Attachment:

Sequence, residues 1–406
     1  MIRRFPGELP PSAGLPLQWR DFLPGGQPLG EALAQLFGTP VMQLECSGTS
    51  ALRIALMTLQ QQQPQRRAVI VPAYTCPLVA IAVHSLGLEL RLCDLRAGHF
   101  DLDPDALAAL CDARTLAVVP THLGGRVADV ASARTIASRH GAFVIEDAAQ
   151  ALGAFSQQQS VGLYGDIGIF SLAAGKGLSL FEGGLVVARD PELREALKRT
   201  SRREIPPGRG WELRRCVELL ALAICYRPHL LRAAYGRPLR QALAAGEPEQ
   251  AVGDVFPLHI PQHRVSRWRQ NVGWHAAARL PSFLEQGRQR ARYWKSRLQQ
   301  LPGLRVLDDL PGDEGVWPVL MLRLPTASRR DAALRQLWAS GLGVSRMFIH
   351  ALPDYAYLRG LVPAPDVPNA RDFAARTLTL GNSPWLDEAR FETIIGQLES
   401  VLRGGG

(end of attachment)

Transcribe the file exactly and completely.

Sequence, residues 1–406
     1  MIRRFPGELP PSAGLPLQWR DFLPGGQPLG EALAQLFGTP VMQLECSGTS
    51  ALRIALMTLQ QQQPQRRAVI VPAYTCPLVA IAVHSLGLEL RLCDLRAGHF
   101  DLDPDALAAL CDARTLAVVP THLGGRVADV ASARTIASRH GAFVIEDAAQ
   151  ALGAFSQQQS VGLYGDIGIF SLAAGKGLSL FEGGLVVARD PELREALKRT
   201  SRREIPPGRG WELRRCVELL ALAICYRPHL LRAAYGRPLR QALAAGEPEQ
   251  AVGDVFPLHI PQHRVSRWRQ NVGWHAAARL PSFLEQGRQR ARYWKSRLQQ
   301  LPGLRVLDDL PGDEGVWPVL MLRLPTASRR DAALRQLWAS GLGVSRMFIH
   351  ALPDYAYLRG LVPAPDVPNA RDFAARTLTL GNSPWLDEAR FETIIGQLES
   401  VLRGGG